The availability of land and sea – and consent to use them – is the biggest bottleneck renewables face, says Mads Nipper, CEO of Ørsted, the world's biggest offshore wind developer, in conversation with Energy Monitor. He also stresses the critical role of grids and hydrogen.
Sonja van Renssen@sonjavanrenssen
If it remains unclear who will govern Germany after federal elections on 26 September, it is at least clear that Germany will have a strong voice on climate action and clean energy at national and European level.
Record-high gas prices could be a tipping point for the energy transition. Business and policymakers in Europe should seize the opportunity for energy efficiency, renewables and green hydrogen.
Hydrogen, electric planes, cybersecurity, heat pumps, electric vehicles, gas, oil, CO2 removal, bitcoin and batteries have been some of our biggest hitters over the past year. To mark its first birthday, Energy Monitor takes stock of what is driving the energy transition.
Vast offshore generation is not a goal in itself, costs for new ‘transit' infrastructure need redistributing and hydrogen needs a business case, says Christian Zinglersen, director of the EU agency promoting cooperation among energy regulators.
The European Commission's 'Fit for 55' package has big plans for energy efficiency that are indispensable for net zero, but they are likely to face age-old political and practical headwinds.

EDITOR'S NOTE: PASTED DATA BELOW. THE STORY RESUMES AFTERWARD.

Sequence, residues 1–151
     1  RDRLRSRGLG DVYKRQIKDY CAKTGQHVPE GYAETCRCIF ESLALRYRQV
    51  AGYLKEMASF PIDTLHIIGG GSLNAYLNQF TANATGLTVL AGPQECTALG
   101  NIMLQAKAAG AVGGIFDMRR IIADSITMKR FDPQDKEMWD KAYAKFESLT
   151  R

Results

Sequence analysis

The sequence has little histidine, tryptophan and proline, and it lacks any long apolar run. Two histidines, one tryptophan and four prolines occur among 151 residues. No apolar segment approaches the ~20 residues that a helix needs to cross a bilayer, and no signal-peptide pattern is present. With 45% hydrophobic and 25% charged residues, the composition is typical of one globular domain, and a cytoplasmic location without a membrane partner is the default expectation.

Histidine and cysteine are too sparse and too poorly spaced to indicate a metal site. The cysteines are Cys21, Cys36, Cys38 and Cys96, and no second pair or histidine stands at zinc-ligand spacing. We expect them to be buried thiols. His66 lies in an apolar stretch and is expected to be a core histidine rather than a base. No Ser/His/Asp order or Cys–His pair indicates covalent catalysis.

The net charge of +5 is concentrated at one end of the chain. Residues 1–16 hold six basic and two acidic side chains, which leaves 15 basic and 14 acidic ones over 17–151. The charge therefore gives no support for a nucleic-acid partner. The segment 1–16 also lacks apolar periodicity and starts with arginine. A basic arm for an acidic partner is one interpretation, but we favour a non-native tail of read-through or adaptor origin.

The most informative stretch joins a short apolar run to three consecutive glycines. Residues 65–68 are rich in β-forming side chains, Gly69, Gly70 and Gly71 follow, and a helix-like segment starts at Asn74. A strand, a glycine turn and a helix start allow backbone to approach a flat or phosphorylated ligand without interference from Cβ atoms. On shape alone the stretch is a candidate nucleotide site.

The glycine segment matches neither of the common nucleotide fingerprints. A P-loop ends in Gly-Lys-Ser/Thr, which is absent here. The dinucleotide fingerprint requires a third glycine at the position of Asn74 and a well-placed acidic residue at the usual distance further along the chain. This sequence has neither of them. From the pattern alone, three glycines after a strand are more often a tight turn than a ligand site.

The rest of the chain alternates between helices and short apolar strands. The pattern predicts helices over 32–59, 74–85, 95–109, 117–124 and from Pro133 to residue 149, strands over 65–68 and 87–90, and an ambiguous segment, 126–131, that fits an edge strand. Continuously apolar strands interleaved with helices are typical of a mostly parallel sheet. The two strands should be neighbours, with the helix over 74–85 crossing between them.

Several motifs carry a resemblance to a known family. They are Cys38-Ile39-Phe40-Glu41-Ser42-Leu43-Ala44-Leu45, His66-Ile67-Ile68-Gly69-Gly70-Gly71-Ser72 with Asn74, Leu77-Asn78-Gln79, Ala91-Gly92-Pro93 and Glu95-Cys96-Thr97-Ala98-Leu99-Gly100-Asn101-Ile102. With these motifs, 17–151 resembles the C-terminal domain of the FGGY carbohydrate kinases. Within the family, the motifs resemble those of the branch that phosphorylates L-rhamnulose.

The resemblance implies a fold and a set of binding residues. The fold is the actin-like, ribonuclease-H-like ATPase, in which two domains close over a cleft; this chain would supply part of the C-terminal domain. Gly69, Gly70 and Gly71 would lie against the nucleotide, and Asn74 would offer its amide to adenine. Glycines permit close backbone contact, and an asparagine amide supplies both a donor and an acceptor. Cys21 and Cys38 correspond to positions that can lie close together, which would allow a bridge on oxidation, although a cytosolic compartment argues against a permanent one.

The business case for hydrogen has received a boost with the European Commission's ‘Fit for 55’ climate and energy package.
The European Commission’s latest attempt to align national fuel taxes and reward cleaner alternatives was always going to be a long shot, but its leniency towards natural gas may make it more palatable to member states.
Emerging partnerships between countries like Germany and Australia, backed by business interests and financial incentives, are laying the foundations for a global, green hydrogen market to replace fossil fuels.
EU rules could undermine, rather than bolster, efforts to meet more ambitious climate targets, and offshore wind and hydrogen goals, warns Manon van Beek, CEO of Dutch national grid operator Tennet.
Business models have traditionally focused on churning out evermore efficient new products. The future is using machine learning to make existing products as energy efficient as possible, says Jon Lindén, CEO of Swedish edge computing start-up Ekkono.